Friday, July 22, 2011

Infant dying as parents refuse care
THE nine-month-old infant He Shunzhi moans in bed as his hand falls down on his belly, which has grown to the size of his head due to a bacteria infection that causes him pain every time he takes a breath.

The baby is dying in the Shanghai Children's Medical Center before he can learn to speak, with his limited remaining days supported by long tubes, oxygen and medicines, doctors said yesterday.

He has been suffering from congenital biliary atresia since he was born, a disease not common among newborn infants but totally curable after a series of operations. But his parents, both farmers from Sichuan Province, quickly gave up on their baby.

During the past three months, He's parents have removed him from hospitals three times despite objections from doctors, turned down advice on liver transplant surgery that was given a 90-percent plus chance of success to cure the disease, and refused all donations to cover the cost of the transplant.

"Just donate the money to other poor needy children," said the father surnamed He. 

The baby was finally sent back to the hospital last Thursday after people had seen the mother holding the baby outside the hospital in the hot sun on July 9, waiting for his death. They reported to police that the mother, surnamed Zuo, was "attempting murder." 

The family said they are giving up on the baby because they fear the 10 percent failure rate of the operation. They also said the father wouldn't donate part of his liver to his son in fear of losing his physical ability to farm or damaging his own health.

"It's totally unbelievable," said an official surnamed Xia with the hospital. "We have the chance to cure the disease via the liver transplant in April and the father has been proved to be the perfect candidate for the surgery, but he refused to sign on the papers and left." 

She said volunteers had even promised to cover the 100,000 yuan (US$15,487) to 150,000 yuan cost of the transplant and reassured the parents that money wouldn't be a problem. But the father insisted on no treatment.

In the following three months, the baby's condition deteriorated day by day until he suffered severe bacteria infection that prevented the doctors from carrying out the transplant, meaning he was past the point of no return. To make matters worse, the parents and baby were living on the streets, kicked out of their apartment by a landlord who irrationally feared the baby's disease might spread to other residents.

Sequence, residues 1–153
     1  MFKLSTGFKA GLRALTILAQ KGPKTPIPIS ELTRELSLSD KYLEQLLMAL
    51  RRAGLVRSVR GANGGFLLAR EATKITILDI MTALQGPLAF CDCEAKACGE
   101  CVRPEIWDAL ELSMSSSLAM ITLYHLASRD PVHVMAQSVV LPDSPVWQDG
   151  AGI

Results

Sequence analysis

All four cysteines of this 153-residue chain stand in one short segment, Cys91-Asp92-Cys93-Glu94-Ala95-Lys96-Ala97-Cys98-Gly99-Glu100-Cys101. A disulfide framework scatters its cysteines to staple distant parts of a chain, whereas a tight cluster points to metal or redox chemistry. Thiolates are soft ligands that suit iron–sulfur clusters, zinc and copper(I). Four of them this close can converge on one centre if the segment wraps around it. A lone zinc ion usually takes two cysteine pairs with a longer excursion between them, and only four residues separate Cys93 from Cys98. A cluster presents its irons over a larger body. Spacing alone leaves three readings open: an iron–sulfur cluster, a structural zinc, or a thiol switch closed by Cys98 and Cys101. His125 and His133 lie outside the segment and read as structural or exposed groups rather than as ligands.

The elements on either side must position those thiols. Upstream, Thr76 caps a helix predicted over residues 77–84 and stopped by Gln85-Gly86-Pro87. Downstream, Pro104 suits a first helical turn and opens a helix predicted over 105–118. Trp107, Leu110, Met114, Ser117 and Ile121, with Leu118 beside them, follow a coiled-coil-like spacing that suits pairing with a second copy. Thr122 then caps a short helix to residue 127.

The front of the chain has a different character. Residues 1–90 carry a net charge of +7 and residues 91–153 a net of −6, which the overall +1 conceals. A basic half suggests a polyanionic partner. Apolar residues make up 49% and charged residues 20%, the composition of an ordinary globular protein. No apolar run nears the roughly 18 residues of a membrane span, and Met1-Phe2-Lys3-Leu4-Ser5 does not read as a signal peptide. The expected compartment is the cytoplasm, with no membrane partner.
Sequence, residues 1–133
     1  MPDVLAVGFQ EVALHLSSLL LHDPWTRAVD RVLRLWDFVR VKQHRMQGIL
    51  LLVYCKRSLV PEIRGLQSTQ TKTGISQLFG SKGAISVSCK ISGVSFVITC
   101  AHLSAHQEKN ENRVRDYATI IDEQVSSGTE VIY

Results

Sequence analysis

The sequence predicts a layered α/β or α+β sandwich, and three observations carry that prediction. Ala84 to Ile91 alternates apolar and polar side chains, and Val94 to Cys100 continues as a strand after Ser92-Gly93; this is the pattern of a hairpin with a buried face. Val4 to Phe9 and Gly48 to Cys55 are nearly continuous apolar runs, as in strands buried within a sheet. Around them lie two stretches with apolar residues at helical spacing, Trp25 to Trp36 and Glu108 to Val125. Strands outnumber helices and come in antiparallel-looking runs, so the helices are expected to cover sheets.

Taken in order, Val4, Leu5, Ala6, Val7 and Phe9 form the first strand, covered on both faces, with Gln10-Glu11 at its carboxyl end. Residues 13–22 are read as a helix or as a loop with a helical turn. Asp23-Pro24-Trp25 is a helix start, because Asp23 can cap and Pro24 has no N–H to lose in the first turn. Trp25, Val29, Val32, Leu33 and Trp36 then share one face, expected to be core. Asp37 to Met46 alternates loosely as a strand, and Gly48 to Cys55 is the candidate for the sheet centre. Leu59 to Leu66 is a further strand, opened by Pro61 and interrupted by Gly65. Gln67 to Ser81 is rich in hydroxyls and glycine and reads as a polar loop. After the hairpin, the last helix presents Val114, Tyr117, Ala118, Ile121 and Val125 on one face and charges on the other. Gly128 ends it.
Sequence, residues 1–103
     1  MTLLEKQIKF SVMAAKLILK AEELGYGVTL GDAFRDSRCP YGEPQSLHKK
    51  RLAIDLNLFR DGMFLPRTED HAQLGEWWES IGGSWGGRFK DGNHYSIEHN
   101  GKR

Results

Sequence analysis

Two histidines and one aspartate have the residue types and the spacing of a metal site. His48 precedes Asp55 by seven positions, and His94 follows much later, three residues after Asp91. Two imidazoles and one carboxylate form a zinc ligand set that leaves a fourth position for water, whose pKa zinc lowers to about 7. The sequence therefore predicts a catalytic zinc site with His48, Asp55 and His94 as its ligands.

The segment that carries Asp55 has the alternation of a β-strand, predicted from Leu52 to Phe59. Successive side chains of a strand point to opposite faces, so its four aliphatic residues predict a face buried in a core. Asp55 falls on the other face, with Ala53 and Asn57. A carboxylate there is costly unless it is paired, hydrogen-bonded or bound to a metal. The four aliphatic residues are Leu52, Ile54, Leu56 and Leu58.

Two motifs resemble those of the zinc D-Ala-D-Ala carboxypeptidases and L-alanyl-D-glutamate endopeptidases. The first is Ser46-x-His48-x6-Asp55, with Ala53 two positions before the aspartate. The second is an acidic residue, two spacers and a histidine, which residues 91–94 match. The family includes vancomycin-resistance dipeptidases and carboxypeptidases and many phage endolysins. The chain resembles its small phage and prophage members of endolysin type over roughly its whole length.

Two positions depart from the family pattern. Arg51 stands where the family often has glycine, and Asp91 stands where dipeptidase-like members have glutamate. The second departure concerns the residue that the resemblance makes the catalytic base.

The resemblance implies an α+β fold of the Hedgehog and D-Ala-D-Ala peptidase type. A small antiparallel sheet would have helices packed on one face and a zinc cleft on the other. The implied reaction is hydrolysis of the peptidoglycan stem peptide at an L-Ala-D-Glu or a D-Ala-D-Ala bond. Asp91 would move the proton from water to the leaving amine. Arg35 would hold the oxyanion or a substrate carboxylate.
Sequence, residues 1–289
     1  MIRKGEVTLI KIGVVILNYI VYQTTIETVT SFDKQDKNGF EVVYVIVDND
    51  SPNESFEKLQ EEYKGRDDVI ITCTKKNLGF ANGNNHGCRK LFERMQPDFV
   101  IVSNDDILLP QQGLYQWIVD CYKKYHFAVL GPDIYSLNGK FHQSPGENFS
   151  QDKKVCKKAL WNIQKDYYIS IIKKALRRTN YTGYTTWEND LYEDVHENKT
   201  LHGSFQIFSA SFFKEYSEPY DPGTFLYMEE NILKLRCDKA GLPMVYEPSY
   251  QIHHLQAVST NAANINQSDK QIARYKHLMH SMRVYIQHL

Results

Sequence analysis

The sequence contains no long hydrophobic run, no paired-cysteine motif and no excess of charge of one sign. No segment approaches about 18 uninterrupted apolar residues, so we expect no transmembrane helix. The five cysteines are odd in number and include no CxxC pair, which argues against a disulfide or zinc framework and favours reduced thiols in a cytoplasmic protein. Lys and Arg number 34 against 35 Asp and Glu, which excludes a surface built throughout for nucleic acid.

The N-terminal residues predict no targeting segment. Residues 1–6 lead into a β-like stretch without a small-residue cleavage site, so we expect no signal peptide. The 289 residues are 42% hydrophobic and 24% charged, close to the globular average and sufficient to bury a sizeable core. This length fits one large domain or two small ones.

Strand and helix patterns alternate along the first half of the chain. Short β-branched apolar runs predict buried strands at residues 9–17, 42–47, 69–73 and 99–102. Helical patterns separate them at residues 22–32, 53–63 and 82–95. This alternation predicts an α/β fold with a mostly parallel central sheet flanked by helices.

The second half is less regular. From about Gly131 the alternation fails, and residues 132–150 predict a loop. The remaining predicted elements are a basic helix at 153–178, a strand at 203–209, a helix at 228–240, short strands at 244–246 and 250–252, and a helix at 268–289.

The tragedy of the baby sparked heated discussion among local residents over whether parents have the right to make life-or-death decisions for their children.

Many volunteers who have offered money and help to save the infant accused the parents of murdering the baby. "If he died, he wouldn't die of the disease, but died under his parents' hands," said a 39-year-old mother surnamed Zhou. 

Others argued that volunteers had no right to get involved in the family's business.

According to local lawyers, the father's refusal to donate his liver to his son didn't violate the country's Juvenile Protection Law.

"The law requires parents to send their children to the hospital for medical treatments if the disease is curable and they are capable of paying the expenses, but it doesn't force parents to donate their organs," said lawyer Wang Zhan.

Wang said the father didn't violate the law, since he had spent all of his money on the medical treatment, although people may blame him for his moral selfishness and ignorance.

However, Wang said the case reveals a loophole in the medical and legal systems, because the Juvenile Protection Law protects parents who refuse to make the decision to save their children, and it protects government facilities and hospitals that can legally look away and do nothing to alter the decision.

Zuo, the baby's mother, told Shanghai Daily yesterday that her husband had changed his mind and was now willing to offer part of his liver to the boy if the bacteria infections could be cured. But the doctors said it's too late.

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